Friday, July 27, 2007

Another take on internalization

Here's a little somethin'-somethin' that relates to my previous post.

I was on Manhattan's Upper West Side on Friday, crossing Broadway at 79th Street to get to the uptown No. 1 subway.
Three-quarters of the way across the street, I saw this elderly but spry blind man in front of me about to walk into a trash can, though his white cane probably would have forewarned him of the obstacle.

I'm in the habit of asking vision-impaired people if I can help them across the street before I do anything as presumptuous as taking their arm.
This case was no different.

"May I help you cross the street?" I asked.
"There are 14 goddamned steps across Broadway," the man said in an angry voice loud enough to catch the attention of people within a 30-foot radius. For all they knew, I was trying to pick his pocket, such was his reaction.

"I'm just trying to be friendly," I said. "I didn't mean any harm."
He said a bunch of other stuff I can't remember, called me a moron and repeated that "there are 14 goddamned steps across Broadway."
"How the hell are you going to help me?" he said as we reached the opposite sidewalk.
By this time, there must've been about 15 or more people witness to all this, staring at me as if I had accosted the man.
"Hey, sorry, I'm just trying to be helpful," I said, not raising my voice. "Have a nice day."
"Next time don't be so goddamn insincere," he shouted at my back, which by this time I had turned on him.


To get to my car, I had to cross 95th Street, which is about as wide as Broadway is at 79th.
The man was absolutely right: It took me exactly14 steps.


Mungo said...

What if instead you had initially asked him for help across the road! Wonder what his reaction would have been then...

Michael said...

I literally could taste this old man's bitterness. A cautionary tale if ever there was one.

east village idiot said...

It may have taken him 14 steps to cross the street but it took him one step to be a fucking asshole.

Even blind people can be jerks.

Michael said...

Yes, yes ...

I was about to scream back at him, but then I saw how painfully, tragically bitter and hateful he was at the world for his problems. And I thought, yeah, this experience cost me a few moments of embarrassment, but this guy has to live with himself and his hatreds the rest of his life.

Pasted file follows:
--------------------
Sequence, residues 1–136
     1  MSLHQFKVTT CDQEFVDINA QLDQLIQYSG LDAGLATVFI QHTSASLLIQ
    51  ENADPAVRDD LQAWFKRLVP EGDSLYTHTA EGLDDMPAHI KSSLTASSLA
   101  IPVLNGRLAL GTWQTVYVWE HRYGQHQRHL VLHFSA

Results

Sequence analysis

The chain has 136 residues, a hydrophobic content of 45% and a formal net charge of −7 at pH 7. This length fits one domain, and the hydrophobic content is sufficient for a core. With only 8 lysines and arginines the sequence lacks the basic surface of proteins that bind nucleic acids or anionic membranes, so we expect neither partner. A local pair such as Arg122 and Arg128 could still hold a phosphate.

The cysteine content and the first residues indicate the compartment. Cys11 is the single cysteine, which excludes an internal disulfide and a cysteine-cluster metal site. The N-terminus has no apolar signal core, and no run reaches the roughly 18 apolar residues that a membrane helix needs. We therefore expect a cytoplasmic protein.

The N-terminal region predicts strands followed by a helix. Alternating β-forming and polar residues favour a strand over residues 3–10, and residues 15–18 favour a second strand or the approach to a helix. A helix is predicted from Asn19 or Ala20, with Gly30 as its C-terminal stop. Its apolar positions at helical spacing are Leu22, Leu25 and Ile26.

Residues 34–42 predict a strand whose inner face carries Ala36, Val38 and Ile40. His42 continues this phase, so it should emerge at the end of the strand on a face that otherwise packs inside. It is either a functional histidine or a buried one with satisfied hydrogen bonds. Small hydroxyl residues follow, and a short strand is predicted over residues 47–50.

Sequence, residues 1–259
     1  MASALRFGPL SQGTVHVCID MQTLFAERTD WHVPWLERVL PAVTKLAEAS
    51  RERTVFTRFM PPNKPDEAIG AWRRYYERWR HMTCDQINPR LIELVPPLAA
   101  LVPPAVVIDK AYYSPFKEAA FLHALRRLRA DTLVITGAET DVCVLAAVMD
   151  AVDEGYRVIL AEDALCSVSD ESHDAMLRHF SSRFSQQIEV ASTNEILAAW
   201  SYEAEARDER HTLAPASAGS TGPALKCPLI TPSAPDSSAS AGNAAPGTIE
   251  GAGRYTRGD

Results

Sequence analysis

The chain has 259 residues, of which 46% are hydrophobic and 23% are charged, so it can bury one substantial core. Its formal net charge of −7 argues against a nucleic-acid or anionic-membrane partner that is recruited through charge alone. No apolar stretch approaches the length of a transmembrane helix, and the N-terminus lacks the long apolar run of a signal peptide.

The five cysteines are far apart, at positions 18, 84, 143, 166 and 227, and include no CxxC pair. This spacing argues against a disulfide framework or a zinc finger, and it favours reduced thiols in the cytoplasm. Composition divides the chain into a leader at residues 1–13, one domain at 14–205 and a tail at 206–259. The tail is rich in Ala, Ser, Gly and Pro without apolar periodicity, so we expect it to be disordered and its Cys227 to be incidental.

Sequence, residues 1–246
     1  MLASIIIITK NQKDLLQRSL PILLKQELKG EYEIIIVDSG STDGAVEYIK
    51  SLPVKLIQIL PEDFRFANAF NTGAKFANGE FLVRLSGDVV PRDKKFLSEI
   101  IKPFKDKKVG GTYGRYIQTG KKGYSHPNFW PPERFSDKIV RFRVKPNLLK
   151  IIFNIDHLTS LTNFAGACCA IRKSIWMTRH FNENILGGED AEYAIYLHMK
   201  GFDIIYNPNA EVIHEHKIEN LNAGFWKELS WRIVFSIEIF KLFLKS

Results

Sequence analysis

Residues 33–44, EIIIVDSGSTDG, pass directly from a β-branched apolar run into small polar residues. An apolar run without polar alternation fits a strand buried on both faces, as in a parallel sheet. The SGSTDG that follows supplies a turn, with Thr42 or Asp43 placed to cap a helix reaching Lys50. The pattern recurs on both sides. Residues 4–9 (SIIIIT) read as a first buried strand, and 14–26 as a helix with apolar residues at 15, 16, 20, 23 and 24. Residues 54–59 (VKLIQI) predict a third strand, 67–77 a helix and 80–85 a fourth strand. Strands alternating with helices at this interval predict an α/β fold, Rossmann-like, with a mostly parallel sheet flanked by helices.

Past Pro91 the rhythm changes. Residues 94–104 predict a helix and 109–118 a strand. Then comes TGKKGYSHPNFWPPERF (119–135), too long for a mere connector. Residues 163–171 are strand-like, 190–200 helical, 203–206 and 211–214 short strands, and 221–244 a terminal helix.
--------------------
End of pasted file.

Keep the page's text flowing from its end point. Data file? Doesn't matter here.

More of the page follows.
Matt K. said...

Well spoken. I've seen that brand of bitter before, and it's never pretty. I strive to be anything but that as I age.

forman said...

Me and my father were walking west in the Gramercy area recently when a blind man with a cain asked my dad something quick and un-intelligable.

turned out he was asking what the next avenue was. he asked a little bitterly as if we should've understood the first time.

my dad replied "the next avenue is park avenue."

and a little later my dad turned around and shouted for him to go "a little to the left." he seemed to be walking into a bush.

he shouted back a "thank you"

I always thought never to help the blind, because they may want to take charge of their situation. but this situation makes me see, that some really do want help and aren't afraid to ask or demand it.

by the way. i thought your previous post was wonderful. i'd like to say more, but briefly, i'll say that expression is what i come to the internet for, to obtain all that is missing in the day to day. as odd as it seems. if i look hard enough i can find a nice blog post, like yours where your guard has been let down and you opened yourself for public introspection. it's late i hope that didn't sound ridiculous.

Michael said...

A heartfelt thanks for your comments, Forman.I really appreciate them.